Scars & Streaks: Molly Beckwith by Jon Gugala, note by Larry Eder

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As Jon Gugala travels through Europe this summer, we at Runblogrun asked him to develop several stories for us. Here is his second piece from the Herculis Monaco meeting. Jon is writing about one of our favorite athletes, Molly Beckwith. Molly is an eight hundred meter runner, and ran a near perfect race for 750 meters. She is also an example of the improvement in the US women's 800 meter fortunes. 

Molly Beckwith is part of the reason for that success...

July 22, 2012



Scars and Streaks: Molly Beckwith  
by Jon Gugala



MONACO - It's Saturday morning. Molly Beckwith, 24, crosses her legs, left over right, 
and the long, vertical scar on her knee is white, surrounded by the tan of the skin.

Today is just under a month since the 2012 Olympic team trials in Eugene, Ore., where 
Beckwith, arguably one of the form runners through the rounds, did not make her first 
Olympic team. After holding a strong second place coming into the last 100 meters of 
the women's 800-meters final, she began tying up. Ahead, Alysia Montaño won. On 
Beckwith's outside, Geena Gall passed for second. And on her inside in the last 
five meters, Alice Schmidt snuck into the third spot. Beckwith would finish fourth 
in 1:59.68, .12 seconds off a trip to London.

"I had confidence going into the rounds--I had to have that confidence going in. 
But I never had in my mind 'I'm going to make the team' because I knew the quality 
of the U.S. girls. I was the dark horse, I felt like," Beckwith says.  "I stepped on 
the line and I said, 'This is going to be good?'"

There's a strange question in her voice as she says this.

She goes on: "I made a move--a very risky move--at 550, 600 [meters]. 
What happened was the worst possible scenario: tying up at the end 
and getting passed."

Beckwith's hotel is less than 800 meters from the Monte Carlo Casino, and it seems fitting 
since in the trials final she bet the farm and lost. Now she's back at the tables.

Because her story did not end at the trials: It moved back to her hometown of Worthington, 
Ohio, where she gave herself "48 hours to pout" and to scar over. A verbal ass-kicking over 
the phone by coach Ron Helmer, who developed her at Indiana University and continues to 
guide her post-collegiately also helped move her on. "You didn't do all this work and get 
ready to run this fast to just sit at home this summer," he said. 

"I didn't put myself through a momentous amount of pain in these workouts to shut my 
season down," Beckwith says. "I haven't even peaked yet, I don't think. I still have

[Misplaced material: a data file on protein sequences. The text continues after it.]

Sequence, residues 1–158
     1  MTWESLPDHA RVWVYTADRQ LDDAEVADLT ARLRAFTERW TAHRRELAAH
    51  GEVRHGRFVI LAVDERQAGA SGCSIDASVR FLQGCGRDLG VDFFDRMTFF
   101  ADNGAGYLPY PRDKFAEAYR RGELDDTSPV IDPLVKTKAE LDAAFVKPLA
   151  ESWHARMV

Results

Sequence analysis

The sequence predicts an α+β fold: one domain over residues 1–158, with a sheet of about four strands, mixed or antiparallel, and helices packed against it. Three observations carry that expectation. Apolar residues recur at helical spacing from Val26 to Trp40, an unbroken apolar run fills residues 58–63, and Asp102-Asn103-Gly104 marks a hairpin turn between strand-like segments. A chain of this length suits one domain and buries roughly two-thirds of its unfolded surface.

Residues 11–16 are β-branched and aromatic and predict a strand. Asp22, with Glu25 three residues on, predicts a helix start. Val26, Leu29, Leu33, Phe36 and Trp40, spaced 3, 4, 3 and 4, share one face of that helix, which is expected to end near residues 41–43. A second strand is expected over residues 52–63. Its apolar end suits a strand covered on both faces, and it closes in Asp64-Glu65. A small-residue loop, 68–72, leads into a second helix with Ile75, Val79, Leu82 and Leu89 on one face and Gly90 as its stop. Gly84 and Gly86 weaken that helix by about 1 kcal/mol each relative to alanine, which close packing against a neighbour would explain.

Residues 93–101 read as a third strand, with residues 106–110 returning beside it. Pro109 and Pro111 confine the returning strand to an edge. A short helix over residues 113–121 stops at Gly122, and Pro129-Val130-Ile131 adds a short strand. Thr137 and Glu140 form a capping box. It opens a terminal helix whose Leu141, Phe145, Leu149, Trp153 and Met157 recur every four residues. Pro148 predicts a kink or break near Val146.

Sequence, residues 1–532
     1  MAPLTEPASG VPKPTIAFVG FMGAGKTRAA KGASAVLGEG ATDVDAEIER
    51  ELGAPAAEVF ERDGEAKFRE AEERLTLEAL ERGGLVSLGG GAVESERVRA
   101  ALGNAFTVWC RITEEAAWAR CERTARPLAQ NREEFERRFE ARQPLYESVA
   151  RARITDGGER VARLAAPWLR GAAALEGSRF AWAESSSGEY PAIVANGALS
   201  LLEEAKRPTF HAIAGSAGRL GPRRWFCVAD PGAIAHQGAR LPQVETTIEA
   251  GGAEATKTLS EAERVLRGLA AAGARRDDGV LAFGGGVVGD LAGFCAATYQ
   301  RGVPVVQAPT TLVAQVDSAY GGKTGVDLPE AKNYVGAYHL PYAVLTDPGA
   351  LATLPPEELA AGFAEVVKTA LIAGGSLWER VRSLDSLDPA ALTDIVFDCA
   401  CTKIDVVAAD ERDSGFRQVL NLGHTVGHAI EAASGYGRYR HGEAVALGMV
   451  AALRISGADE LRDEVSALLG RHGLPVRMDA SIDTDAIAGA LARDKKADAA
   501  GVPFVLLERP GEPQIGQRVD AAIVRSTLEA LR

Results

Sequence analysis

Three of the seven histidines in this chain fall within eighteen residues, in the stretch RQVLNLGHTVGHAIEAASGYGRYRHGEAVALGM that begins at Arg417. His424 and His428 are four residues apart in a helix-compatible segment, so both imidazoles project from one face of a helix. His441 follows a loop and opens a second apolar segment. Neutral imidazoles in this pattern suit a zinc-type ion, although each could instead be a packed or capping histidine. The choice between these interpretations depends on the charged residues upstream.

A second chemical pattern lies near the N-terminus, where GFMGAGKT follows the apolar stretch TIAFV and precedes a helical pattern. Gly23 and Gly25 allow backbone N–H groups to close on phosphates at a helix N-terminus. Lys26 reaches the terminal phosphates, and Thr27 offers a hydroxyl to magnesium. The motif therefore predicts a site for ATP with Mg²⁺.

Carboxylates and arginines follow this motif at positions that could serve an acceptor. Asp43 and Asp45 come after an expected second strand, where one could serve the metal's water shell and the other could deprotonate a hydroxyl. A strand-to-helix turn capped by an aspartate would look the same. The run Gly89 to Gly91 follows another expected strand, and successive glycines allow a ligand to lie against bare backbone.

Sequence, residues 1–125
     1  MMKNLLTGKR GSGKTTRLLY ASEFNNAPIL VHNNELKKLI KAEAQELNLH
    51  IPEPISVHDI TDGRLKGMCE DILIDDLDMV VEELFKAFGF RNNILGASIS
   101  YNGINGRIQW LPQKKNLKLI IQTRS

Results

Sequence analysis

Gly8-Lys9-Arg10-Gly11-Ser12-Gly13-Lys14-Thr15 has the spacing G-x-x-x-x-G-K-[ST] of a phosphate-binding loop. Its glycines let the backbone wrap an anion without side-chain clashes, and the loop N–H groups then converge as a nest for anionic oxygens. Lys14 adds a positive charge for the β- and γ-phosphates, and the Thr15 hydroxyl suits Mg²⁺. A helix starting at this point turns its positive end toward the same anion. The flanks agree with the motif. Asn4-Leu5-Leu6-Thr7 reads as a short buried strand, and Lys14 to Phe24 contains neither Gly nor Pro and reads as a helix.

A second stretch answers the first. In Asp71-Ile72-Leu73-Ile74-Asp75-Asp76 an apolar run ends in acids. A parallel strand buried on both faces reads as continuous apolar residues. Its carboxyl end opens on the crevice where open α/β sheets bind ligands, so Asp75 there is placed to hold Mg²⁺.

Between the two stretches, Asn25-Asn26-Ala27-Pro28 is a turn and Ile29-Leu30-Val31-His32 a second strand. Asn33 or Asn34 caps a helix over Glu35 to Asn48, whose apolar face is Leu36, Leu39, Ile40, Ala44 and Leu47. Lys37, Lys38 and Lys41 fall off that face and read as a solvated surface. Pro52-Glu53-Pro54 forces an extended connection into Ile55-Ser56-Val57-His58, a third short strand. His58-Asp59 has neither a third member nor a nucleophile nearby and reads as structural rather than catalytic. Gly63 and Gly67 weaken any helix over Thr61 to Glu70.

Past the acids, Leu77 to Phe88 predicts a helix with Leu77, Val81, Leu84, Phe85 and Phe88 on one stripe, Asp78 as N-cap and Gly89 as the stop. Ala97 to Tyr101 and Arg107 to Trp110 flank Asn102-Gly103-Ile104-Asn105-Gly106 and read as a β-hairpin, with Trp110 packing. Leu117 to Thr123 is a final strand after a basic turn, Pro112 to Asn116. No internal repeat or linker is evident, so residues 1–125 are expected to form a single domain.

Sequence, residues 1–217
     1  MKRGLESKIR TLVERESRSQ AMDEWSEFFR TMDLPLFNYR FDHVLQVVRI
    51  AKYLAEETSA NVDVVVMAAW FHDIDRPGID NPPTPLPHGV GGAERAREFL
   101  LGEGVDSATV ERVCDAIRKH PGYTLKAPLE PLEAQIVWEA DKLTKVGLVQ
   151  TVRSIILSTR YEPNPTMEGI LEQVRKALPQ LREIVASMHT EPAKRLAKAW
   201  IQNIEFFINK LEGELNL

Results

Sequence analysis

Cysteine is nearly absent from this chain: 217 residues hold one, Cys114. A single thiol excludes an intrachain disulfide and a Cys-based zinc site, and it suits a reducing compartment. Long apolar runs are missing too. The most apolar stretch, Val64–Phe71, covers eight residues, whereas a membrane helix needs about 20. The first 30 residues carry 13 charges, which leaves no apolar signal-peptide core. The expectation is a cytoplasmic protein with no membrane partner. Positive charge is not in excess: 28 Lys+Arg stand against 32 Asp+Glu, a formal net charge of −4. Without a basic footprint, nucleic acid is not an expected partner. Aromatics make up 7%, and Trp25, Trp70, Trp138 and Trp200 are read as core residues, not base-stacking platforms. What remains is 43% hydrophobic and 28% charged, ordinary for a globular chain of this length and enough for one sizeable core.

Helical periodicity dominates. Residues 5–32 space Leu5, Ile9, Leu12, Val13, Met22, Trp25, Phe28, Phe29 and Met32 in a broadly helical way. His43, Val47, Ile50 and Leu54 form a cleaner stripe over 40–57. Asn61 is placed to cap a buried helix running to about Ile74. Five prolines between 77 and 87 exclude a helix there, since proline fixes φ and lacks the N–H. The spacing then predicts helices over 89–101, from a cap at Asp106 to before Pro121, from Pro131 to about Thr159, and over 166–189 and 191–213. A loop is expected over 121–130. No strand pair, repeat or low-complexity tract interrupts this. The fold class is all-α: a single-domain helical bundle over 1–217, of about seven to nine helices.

that really big one in me right now."

So she went to Europe, and in Madrid ran 2:00.35. Then came the London Diamond League, 
and in chilly conditions she battled to the line with 2008 Olympic silver medalist Janeth 
Jepkosgei, where the big one, at least in terms of achievement, came. With the margin to 
the thousandth of a second, Beckwith won in 2:00.68.

But she's not happy with it.

"At this point, I would much rather take last place running a PR than winning a race 
running slow like London," Beckwith says. "For me right now, I'm looking for that time, 
that consistently-running-under-two-minutes, because I have so much room to grow. Next 
year, when I'm consistently running 1:59 and it's feeling like just another day, that 
1:57 is going to come at the right time and I'm going to be ahead of where I ever thought 
I would be."

Beckwith, with her 1:59.37 fourth-place finish in Monaco, has gone sub-two minutes four 
times this year--the most of any American. You could argue that she's already achieved 
that 1:59 regularity. And with her result, she's also sitting in fourth place in Diamond 
League overall standings, which will only increase her chances in getting into the 
remainder of the season when it resumes on August 23 in Lausanne. Those races will let 
Beckwith gamble again for the big one. 

"I was talking to Nick Symmonds after the [Monaco] race, telling him that at 550 meters, 
I had the decision whether to go with the top three or stay behind the fourth place girl, 
and I decided to stay," she says. "And he interrupted me right as I said that, and he said 
when you're thinking about whether or not to go, always decide to go. He said, 
'There's been .1 percent of the races I've ever ran in where making that decision 
was not the right choice. Always go when you're unsure.'"

Smart gamblers know that if you're in the game long enough, that chance comes again. 
And when it comes, you bet the farm. For Beckwith, you bet it again. 

Because four years goes fast. Rio 2016 will need three more Americans for the women's 
800-meters, and asking Beckwith if she plans on being there for it, she doesn't hesitate: 
"Yeah, there's definitely no question." 

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